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PDFWAC 296-62-11019

Spray-finishing operations.

(1) Definitions.
(a) Spray-finishing operations. Employment of methods wherein organic or inorganic materials are utilized in dispersed form from deposit on surfaces to be coated, treated or cleaned. Such methods of deposit may involve either automatic, manual, or electrostatic deposition but do not include metal spraying or metallizing, dipping, flow coating, roller coating, tumbling, centrifuging, or spray washing and degreasing as conducted in self-contained washing and degreasing machines or systems.
(b) Spray booth. Spray booths are defined and described in WAC 296-24-370 through 296-24-37007. (See sections 103, 104, and 105 of the Standard for Spray Finishing Using Flammable and Combustible Materials, NFPA No. 33-1969.)
(c) Spray room. A room in which spray-finishing operations not conducted in a spray booth are performed separately from other areas.
(d) Minimum maintained velocity. The velocity of air movement which must be maintained in order to meet minimum specified requirements for health and safety.
(2) Location and application. Spray booths or spray rooms are to be used to enclose or confine all operations. Spray-finishing operations must be located as provided in sections 201 through 206 of the Standard for Spray Finishing Using Flammable and Combustible Materials, NFPA No. 33-1969.
(3) Design and construction of spray booths.
(a) Spray booths must be designed and constructed in accordance with WAC 296-24-370 through 296-24-37007 (see sections 301-304 and 306-310 of the Standard for Spray Finishing Using Flammable and Combustible Materials, NFPA No. 33-1969), for general construction specifications.
For a more detailed discussion of fundamentals relating to this subject, see ANSI Z9.2-1960.
(i) Lights, motors, electrical equipment and other sources of ignition must conform to the requirements of WAC 296-24-370. (See section 310 and chapter 4 of the Standard for Spray Finishing Using Flammable and Combustible Materials, NFPA No. 33-1969.)
(ii) In no case must combustible material be used in the construction of a spray booth and supply or exhaust duct connected to it.
(b) Unobstructed walkways must not be less than 6 1/2 feet high and must be maintained clear of obstruction from any work location in the booth to a booth exit or open booth front. In booths where the open front is the only exit, such exits must be not less than 3 feet wide. In booths having multiple exits, such exits must not be less than 2 feet wide, provided that the maximum distance from the work location to the exit is 25 feet or less. Where booth exits are provided with doors, such doors shall open outward from the booth.
(c) Baffles, distribution plates, and dry-type overspray collectors must conform to the requirements of WAC 296-24-370. (See sections 304 and 305 of the Standard for Spray Finishing Using Flammable and Combustible Materials, NFPA No. 33-1969.)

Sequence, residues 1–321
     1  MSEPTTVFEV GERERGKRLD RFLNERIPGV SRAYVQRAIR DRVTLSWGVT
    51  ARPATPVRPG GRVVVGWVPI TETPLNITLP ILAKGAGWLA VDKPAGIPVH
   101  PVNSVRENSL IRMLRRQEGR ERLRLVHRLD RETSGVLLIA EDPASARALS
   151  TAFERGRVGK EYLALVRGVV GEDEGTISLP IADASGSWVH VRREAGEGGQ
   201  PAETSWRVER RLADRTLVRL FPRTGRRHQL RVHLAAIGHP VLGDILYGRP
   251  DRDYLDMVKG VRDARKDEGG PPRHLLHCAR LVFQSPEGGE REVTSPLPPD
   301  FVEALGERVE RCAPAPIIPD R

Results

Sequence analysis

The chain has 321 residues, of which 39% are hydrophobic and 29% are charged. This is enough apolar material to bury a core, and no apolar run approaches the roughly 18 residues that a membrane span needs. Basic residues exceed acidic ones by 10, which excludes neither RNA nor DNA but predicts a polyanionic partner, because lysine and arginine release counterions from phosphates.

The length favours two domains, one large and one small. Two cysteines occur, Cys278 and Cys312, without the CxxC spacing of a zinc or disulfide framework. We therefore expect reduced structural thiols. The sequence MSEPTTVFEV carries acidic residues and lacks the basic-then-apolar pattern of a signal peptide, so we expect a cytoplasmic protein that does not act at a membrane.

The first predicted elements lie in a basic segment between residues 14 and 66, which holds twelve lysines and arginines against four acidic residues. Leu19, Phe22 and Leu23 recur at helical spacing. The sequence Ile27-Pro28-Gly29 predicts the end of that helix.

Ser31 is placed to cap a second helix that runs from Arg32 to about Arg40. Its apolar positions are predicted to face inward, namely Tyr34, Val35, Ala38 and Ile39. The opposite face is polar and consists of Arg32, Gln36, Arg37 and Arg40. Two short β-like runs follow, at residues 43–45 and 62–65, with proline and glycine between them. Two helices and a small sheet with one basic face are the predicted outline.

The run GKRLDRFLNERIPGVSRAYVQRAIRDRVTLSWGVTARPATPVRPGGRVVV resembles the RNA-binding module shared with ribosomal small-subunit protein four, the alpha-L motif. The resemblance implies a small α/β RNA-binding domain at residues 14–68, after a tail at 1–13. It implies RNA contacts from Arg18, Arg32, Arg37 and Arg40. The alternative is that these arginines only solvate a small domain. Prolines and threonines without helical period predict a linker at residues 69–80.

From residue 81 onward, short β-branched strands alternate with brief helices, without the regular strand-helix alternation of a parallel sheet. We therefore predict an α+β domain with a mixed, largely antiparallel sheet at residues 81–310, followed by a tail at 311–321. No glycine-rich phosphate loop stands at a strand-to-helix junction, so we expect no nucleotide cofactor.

(i) Overspray filters must be installed and maintained in accordance with the requirements of WAC 296-24-370, (See section 305 of the Standard for Spray Finishing Using Flammable and Combustible Materials, NFPA No. 33-1969), and must only be in a location easily accessible for inspection, cleaning, or replacement.
(ii) Where effective means, independent of the overspray filters are installed which will result in design air distribution across the booth cross section, it is permissible to operate the booth without the filters in place.
(d)(i) For wet or water-wash spray booths, the water-chamber enclosure, within which intimate contact of contaminated air and cleaning water or other cleaning medium is maintained, if made of steel, must be 18 gauge or heavier and adequately protected against corrosion.
(ii) Chambers may include scrubber spray nozzles, headers, troughs, or other devices. Chambers must be provided with adequate means for creating and maintaining scrubbing action for removal of particulate matter from the exhaust air stream.
(e) Collecting tanks must be of welded steel construction or other suitable noncombustible material. If pits are used as collecting tanks, they must be concrete, masonry, or other material having similar properties.
(i) Tanks must be provided with weirs, skimmer plates, or screens to prevent sludge and floating paint from entering the pump suction box. Means for automatically maintaining the proper water level must also be provided. Fresh water inlets must not be submerged. They must terminate at least one pipe diameter above the safety overflow level of the tank.
(ii) Tanks must be so constructed as to discourage accumulation of hazardous deposits.
(f) Pump manifolds, risers, and headers must be adequately sized to insure sufficient water flow to provide efficient operation of the water chamber.
(4) Design and construction of spray rooms.
(a) Spray rooms, including floors, must be constructed of masonry, concrete, or other noncombustible material.
(b) Spray rooms must have noncombustible fire doors and shutters.
(c) Spray rooms must be adequately ventilated so that the atmosphere in the breathing zone of the operator must be maintained in accordance with the requirements of (6)(b) of this section.
(d) Spray rooms used for production spray-finishing operations must conform to the requirements of spray booths.
(5) Ventilation.
(a) Ventilation must be provided in accordance with provisions of WAC 296-24-370, (See chapter 5 of the Standard for Spray Finishing Using Flammable or Combustible Materials, NFPA No. 33-1969), and in accordance with the following:
(i) Where a fan plenum is used to equalize or control the distribution of exhaust air movement through the booth, it must be of sufficient strength or rigidity to withstand the differential air pressure or other superficially imposed loads for which the equipment is designed and also to facilitate cleaning. Construction specifications must be at least equivalent to those of (5)(c) of this section.